Typically, state laws address either electronic signatures (23 states) or digital signatures (15 states), but not both. Also, states differ on the question of what constitutes an electronic signature; some include any “mark” made with the intent to authenticate while others specify characteristics make such a signature acceptable. With respect to digital signatures, legislation (1) provides that a state agency (usually the secretary of state) must issue regulations governing their implementation and use and (2) governs license certification authority, the neutral third party that links the public and private keys necessary for a digital signature.

The scope of electronic and digital signature legislation varies from those laws that cover all public and private communications to others that are limited to communications between state agencies or those that relate to notaries public, financial institutions, campaign finance statements, motor vehicles, or tax returns.

The details of other states' laws are enclosed in the attachments which come from the Internet site of McBride Baker & Coles, a Chicago law firm focusing on electronic commerce (


The growth of on-line and Internet usage, particularly in the banking industry, has prompted interest in the development of legal standards and protections to enforce electronic agreements and transactions. Congress has not yet passed any federal laws governing digital signatures, although several bills have been introduced. The National Conference of Commissioners on Uniform State Law has established a drafting committee on electronic contracting to draft a uniform statute relating to the use of electronic communications and records in contractual transactions. There is an interest in creating a uniform law to cover interstate banking and commerce.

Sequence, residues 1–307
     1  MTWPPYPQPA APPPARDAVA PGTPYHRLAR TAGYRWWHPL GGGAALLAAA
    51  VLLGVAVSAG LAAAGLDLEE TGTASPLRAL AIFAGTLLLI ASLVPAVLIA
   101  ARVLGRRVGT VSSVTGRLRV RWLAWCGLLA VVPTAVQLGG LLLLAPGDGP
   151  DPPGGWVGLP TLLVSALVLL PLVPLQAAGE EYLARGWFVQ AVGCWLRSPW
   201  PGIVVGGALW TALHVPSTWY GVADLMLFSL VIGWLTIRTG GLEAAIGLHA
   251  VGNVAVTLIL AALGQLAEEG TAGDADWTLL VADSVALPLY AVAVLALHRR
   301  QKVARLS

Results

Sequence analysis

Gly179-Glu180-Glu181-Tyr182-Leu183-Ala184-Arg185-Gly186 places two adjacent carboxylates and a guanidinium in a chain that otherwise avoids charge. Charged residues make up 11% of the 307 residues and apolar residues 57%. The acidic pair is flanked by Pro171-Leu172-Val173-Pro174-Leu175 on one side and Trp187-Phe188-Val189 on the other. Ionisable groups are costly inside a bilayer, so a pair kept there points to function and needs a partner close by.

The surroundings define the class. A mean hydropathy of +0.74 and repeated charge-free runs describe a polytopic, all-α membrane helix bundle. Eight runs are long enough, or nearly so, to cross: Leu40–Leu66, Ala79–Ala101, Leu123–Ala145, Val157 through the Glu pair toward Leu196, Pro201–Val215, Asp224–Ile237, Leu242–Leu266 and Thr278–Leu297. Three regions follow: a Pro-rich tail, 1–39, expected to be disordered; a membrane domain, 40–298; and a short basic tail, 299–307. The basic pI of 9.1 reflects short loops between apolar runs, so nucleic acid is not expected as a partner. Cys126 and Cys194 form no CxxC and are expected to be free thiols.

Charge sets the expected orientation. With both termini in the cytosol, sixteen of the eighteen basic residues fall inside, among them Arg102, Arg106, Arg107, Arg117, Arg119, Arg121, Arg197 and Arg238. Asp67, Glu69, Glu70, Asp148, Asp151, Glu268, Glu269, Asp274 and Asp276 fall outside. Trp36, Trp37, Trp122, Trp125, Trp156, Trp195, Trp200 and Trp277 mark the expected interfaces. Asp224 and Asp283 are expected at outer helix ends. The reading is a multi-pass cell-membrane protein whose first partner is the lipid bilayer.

However, in the absence of a federal law, many states have passed or are considering different forms of digital signature legislation. They vary from the Utah act, which provides for the detailed establishment and operation of a digital signature system to the law in California which delegates broad authority to a government agency to devise rules for electronic authentication.

The basic question related to digital signature usage is whether it constitutes a legally acceptable form of signature under a state's statute of frauds. Legal recognition as a valid “signature” is critical. In addition, variations in the definition of “digital signature” in laws among the states creates differences in what is deemed legally acceptable from state to state. The more forward–looking state legislatures avoid drafting statutes that may become technologically obsolete by broadly defining terms and listing the criteria for an acceptable digital signature.